There's no record of it appearing in the New York Times since 1943. (Hey, no one ever called Buchanan hip!) Until then, it was almost exclusively used to refer to an inferior breed of farm animal, usually cattle or horses, as when the paper reported in 1907: "Financial Disturbance Forces Cattlemen to Sell "Scrub" Stock to Hold Prime Grades."
In 1934, a federal official writing in the Times about measures being taken in response to the drought of the period, used the phrase in a similar way: "In some cases the drought cattle are being exchanged for scrub stock. The scrub stock is canned and the good stock is used to replace it..."
In other words, "scrub stock" essentially means an inferior breed.
It's worse than that, though. There's evidence that theorists of racial and genetic superiority -- an area of pseudo-scientific "scholarship" that was in vogue even among mainstream intellectuals in the late 19th and early 20th century -- explicitly extended the use of the phrase beyond animals and into humans. In short, the phrase has been used by both eugenicists and racial segregationists to argue for the superiority of the white race.
And this assclown is still considered mainstream enough for MSNBC? I think it's time for the network to reevaluate that relationship.
It's hard to hold a national discourse with people this fucking stupid, prone to insanity, and unaware that racism is no longer acceptable. So it's good to see that Dems have given up trying:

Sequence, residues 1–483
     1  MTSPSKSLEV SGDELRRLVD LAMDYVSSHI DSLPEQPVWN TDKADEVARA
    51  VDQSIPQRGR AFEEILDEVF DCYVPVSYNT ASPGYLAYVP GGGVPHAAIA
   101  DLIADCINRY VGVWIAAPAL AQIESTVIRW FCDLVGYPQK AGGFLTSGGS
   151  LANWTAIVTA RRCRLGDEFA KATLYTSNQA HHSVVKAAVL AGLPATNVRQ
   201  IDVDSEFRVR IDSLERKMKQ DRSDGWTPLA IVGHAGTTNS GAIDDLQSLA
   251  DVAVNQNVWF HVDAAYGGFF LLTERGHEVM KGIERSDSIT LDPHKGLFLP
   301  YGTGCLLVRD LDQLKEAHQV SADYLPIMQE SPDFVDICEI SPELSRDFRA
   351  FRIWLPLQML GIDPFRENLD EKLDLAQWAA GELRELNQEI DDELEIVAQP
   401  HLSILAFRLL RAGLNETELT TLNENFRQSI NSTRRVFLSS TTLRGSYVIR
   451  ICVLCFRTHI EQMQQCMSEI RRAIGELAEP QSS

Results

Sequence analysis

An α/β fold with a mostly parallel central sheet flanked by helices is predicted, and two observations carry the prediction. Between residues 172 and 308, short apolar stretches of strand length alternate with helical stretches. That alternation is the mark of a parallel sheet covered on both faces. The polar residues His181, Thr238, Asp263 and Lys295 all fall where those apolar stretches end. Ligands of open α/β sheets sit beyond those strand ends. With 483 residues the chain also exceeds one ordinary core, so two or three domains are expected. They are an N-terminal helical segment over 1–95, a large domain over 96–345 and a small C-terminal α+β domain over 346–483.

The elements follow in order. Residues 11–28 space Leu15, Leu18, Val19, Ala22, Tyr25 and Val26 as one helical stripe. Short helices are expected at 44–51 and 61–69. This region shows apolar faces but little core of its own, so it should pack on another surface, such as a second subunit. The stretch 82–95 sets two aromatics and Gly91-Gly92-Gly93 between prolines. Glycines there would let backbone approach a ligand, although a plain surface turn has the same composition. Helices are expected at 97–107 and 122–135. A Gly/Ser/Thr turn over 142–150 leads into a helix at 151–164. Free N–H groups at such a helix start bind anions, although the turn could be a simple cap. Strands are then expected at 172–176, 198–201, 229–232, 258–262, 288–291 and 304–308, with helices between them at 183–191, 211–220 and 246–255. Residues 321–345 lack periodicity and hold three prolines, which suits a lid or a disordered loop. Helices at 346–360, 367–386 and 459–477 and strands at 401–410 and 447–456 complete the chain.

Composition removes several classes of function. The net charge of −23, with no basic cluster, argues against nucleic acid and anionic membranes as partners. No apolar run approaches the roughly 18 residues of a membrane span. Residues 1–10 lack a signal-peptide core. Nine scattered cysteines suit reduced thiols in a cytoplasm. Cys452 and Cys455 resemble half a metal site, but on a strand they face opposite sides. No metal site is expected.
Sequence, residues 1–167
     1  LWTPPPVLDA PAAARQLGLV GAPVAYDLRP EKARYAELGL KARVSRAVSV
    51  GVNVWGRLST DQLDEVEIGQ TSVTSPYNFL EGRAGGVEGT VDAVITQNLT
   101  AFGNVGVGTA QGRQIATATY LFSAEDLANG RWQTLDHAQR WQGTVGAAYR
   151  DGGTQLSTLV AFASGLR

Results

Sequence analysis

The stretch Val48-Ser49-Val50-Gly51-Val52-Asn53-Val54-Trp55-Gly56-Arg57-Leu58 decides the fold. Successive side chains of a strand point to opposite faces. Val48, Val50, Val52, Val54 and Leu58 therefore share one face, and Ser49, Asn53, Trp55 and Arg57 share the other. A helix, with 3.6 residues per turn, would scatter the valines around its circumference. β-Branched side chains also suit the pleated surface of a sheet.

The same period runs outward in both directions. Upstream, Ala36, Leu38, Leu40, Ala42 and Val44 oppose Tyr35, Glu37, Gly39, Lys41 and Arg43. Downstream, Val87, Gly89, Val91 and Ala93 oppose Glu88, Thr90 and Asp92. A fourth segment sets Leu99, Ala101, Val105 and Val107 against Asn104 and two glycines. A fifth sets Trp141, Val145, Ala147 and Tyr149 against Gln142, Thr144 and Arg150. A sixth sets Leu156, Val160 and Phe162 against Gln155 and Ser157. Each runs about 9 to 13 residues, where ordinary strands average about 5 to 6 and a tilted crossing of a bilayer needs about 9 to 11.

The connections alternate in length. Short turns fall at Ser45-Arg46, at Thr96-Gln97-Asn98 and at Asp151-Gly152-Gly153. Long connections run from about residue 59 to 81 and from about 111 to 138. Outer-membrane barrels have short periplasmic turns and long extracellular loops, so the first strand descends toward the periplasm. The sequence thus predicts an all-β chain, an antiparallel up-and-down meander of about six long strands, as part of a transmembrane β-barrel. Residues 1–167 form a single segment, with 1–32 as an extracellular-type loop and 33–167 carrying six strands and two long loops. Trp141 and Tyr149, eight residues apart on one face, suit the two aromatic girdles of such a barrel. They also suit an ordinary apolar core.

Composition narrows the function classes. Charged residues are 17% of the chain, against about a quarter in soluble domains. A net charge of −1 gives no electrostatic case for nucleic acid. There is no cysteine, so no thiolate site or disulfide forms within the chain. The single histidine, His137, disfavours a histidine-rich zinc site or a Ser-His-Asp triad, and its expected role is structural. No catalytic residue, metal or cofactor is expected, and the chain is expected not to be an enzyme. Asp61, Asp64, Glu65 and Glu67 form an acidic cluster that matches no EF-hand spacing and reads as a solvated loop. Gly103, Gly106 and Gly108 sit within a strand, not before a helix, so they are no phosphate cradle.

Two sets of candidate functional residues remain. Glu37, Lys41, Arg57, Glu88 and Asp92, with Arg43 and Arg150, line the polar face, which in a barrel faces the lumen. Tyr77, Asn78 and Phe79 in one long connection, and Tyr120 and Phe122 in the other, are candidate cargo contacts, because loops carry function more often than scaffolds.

Yeah. Those days, kinda over. And as Kos points out, there's even voices within the party joining in the mockery. Some Cons are just about sane enough to realize that the party took a wrong turn at Albuquerque and headed straight over a cliff. Cons like McCain strategist Michael Schmidt, in fact:
Ha ha. Remember those dumbass RNC members pushing a party resolution demanding the Democrats rename themselves the "Democrat Socialist Party" because, well, Republicans have nothing left to offer the political debate except for insults? The DNC responds:Remember when people used to take the Republican Party seriously? And remember when Democrats used to cower in fear? Now everyone mocks them with impunity.
"I'm going to pass on marketing advice from folks who hadn't fully thought out the implications of using tea bags as a brand," said Democratic National Committee spokesman Hari Sevugan. "But what's clear is that when you're devoid of leadership, devoid of ideas and your only answer is to say 'no' to change, it's not surprising that angry, fringe elements take center stage at the Republican Party."
Maybe those occasional squeaks of reason from the terminally unreasonable are a good sign. Maybe they mean we'll someday have a Republican party that can almost be taken seriously again.
Schmidt also criticized his party’s political performance in the early days of the Obama presidency.
“As a matter of reality, in the first 100 days, [the Republican Party] has not done anything to improve its political position with regards to the fact that it has been a shrinking entity,” he said.
But I'm not holding my breath.
Post a Comment